Neither the established Church nor the male world of religious sects escaped her pen. In two principal works – Det svake kjøn (1915 and 1924; The Weaker Sex) and Den som henger i en tråd (1935; Hanging by a Thread) – she exposes clergy and preachers as power-seeking, loveless, and sexual oppressors. She pays particular attention to the way in which patriarchal techniques of governance couple religion and sexuality. In these two major collective social novels, she embeds the Norwegian social debate of the 1880s and the 1930s in a complex literary universe. Nini Roll Anker follows a sprawling network of social settings, generations, and conflicts. The storyline is driven onwards by alternation between vivid dialogue and epic scenes in which the characters do not act out, but report, the events. The seamstresses’ idiomatic language is reproduced with precision in Den som henger i en tråd.
Det svake kjøn is reminiscent of Camilla Collett’s Amtmandens Døttre (1854-55; The District Governor’s Daughters). It can be read as a woman’s novel of formation or ideas, centred on two young women – Veronica and Fanny Delmar. In the person of Fanny, a modern, resolute, cheerful, and socially involved woman steps into Nini Roll Anker’s literary world – a contrast to delicate Veronica who, as a type, had often been under the magnifying glass. Fanny wanted to go forth and conquer the world as “poetess, empress, prophetess, commander, woman”. When Veronica dies, Fanny has to give up her work plans and her hopes for love, but she stands nonetheless on the threshold of a matured outlook on life.
Det svake kjøn is a book about a deep friendship between women. Upbringing and expectations of love put the case against friendship being a vital element of women’s lives. Among other factors, the weakness of the sex is caused by the female friends not realising the essential importance of their bond. Despite great differences in temperament and outlook, the two enjoy a relationship that is open and sensitive, a free space of closeness, shared secrecy, coherence in life, and intuitive sympathy.
In meeting Fanny, Veronica is made aware of feminism and critique of religion. Thanks to Fanny, Veronica’s love of nature is awakened. Fanny is the only person who talks with her about libido and gender in a positive, warm manner. The more Veronica withdraws from Fanny, the worse things get for her. Her friend looks on with concern at Veronica’s blind submission to her husband, and compares Veronica’s marriage to the young woman and the polar bear in the folktale Kvitebjørn kong Valemon (King Valemon, the White Bear). When Fanny goes away, Veronica almost feels she has lost her identity: it is “as if she had forever walked hand in hand with Fanny”.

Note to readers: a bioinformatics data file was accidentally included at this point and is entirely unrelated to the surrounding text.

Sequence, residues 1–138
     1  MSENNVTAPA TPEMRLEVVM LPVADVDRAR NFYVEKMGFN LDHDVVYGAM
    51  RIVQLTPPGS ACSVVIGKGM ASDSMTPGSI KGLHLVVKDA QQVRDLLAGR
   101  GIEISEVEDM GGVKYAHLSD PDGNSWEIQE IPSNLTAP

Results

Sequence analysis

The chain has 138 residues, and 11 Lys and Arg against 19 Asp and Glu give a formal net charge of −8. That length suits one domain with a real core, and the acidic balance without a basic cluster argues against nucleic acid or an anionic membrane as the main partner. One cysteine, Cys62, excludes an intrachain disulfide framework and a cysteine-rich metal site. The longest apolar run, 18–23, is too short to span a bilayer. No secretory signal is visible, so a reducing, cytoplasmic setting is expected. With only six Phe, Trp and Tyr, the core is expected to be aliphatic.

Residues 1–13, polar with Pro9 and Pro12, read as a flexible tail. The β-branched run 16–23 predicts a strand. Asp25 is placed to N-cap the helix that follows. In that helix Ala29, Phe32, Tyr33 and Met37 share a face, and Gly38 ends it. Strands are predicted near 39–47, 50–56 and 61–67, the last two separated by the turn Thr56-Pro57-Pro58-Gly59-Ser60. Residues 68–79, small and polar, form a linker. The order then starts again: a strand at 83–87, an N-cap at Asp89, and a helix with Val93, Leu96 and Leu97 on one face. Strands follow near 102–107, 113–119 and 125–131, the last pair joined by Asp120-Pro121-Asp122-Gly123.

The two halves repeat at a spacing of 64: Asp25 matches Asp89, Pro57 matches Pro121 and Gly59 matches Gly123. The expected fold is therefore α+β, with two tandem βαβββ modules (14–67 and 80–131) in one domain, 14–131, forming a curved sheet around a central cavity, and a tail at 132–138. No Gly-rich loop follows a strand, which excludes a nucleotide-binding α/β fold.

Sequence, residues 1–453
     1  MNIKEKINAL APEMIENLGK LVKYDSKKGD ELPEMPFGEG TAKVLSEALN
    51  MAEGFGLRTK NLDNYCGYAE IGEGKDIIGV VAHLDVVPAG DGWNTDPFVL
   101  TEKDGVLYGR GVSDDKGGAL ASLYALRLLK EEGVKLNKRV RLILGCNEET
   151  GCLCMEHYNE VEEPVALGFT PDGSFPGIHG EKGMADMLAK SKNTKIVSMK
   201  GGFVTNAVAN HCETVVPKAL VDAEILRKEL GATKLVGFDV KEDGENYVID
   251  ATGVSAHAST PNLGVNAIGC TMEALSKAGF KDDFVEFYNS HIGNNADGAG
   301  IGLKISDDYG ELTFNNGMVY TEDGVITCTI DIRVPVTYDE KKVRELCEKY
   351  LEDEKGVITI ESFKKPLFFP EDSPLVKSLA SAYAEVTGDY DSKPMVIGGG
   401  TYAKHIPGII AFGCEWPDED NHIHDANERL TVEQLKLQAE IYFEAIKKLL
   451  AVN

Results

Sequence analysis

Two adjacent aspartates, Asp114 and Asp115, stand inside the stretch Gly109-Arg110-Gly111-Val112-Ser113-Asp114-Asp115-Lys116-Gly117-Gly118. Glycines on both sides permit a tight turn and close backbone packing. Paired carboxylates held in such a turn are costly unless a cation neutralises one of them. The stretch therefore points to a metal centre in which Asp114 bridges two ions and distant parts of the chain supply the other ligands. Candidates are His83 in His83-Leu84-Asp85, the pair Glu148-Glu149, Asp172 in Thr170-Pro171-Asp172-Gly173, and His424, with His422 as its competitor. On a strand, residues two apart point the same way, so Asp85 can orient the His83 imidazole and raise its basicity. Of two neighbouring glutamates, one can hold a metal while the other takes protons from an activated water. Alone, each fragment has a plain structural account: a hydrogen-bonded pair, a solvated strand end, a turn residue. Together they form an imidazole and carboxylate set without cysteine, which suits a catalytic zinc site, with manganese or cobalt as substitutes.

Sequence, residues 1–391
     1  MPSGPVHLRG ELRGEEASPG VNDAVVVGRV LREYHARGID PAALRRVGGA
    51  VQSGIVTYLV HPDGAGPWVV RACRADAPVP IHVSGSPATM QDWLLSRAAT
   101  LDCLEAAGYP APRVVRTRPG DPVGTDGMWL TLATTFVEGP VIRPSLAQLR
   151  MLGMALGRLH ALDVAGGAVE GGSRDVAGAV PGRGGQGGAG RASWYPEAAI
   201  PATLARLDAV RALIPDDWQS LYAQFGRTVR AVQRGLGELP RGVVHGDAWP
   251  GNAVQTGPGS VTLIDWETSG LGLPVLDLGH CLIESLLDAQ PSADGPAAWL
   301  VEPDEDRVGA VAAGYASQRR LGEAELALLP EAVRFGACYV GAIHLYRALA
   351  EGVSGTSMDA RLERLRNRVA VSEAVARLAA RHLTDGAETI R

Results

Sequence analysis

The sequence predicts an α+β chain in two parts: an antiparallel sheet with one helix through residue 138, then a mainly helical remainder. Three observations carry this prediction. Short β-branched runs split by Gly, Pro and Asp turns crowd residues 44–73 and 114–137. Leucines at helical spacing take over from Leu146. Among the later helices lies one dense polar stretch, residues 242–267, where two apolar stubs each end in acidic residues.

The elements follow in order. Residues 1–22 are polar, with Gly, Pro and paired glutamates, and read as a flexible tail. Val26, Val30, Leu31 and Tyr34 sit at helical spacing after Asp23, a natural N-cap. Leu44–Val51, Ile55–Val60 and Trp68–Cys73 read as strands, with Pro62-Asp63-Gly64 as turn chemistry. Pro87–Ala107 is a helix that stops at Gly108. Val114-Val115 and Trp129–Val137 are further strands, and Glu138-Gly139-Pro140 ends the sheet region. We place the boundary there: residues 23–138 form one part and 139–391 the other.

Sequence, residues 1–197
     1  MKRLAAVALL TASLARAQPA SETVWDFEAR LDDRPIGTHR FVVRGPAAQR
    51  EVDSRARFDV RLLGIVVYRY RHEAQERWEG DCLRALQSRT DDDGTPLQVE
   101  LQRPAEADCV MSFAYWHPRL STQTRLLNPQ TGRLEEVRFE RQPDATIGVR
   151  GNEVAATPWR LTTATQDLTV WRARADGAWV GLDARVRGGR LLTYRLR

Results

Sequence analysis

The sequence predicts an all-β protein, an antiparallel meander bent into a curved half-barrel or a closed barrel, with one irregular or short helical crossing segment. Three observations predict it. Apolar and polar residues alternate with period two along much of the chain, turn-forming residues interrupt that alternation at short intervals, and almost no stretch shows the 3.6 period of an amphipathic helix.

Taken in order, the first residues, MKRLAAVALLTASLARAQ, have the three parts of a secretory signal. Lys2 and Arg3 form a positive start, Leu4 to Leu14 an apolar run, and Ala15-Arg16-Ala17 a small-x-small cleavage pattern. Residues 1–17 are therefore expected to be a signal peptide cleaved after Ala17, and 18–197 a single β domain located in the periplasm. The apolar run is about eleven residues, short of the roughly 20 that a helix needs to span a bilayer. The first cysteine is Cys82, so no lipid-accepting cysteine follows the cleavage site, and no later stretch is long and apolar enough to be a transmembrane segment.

The critics of the day praised Det svake kjøn for its skilful psychological exposition, but found the work too long, too debate-like and polemic. The first 1915 edition is unfortunately almost unknown today. In 1924 a shortened version of the novel was published, which made for greater concentration on Veronica Maiman, but weakened the novel’s rich diversity of voices.
The idea of friendship is a natural consequence of Nini Roll Anker’s particular philosophy of life and her critique of patriarchy. Den som henger i en tråd ends with two female friends breaking out in order to start a working partnership: “They walk hand in hand some way along the road.” Twenty years have passed since Det svake kjøn,and the idea of female solidarity has been bolstered by Nini Roll Anker’s support of working-class women. She had addressed the subject in her early collection of stories, Lil-Anna og andre (1906; Lil-Anna and Others), and the arc now comes to rest in a perspective of friendship that has far greater symbolic power, in which discussion and controversial issues concerning violence, abortion, unionism, and solidarity are worked into an aesthetically coherent whole.
The pairs of friends in Det svake kjøn and Den som henger i en tråd are young women around the age of twenty-five. The destructive man standing between them is called Vargen (wolf) in the former, Vold (violence) in the latter; virile lovers by night, in the daytime misogynists. These men push their way in between the friends, but towards the end the women seek out their lost friend and find her again in a new relationship of trust. Friendships between women are not substitutes for relationships with men. They represent a humane continent, which the women lose and then eagerly seek out.
Veronica’s childhood background in Det svake kjøn is narrowly pietistic; through her marriage, she comes to mix in High Church circles. The novel exposes, layer by layer, oppression of sexuality in the two settings, and shows how Veronica’s capacity for love is also her opportunity for indignation and rebellion. She wants her husband, clergyman Vargen, to understand that “love does not know abomination”. But Vargen is not interested in a meeting of kindred spirits. All he wants of her is to fulfil his household and sexual needs, and he makes her pregnant three times although he knows that her health is not robust enough to cope with childbirth. Fanny grows up through hardship; Veronica remains a woman-child.
Translated by Gaye Kynoch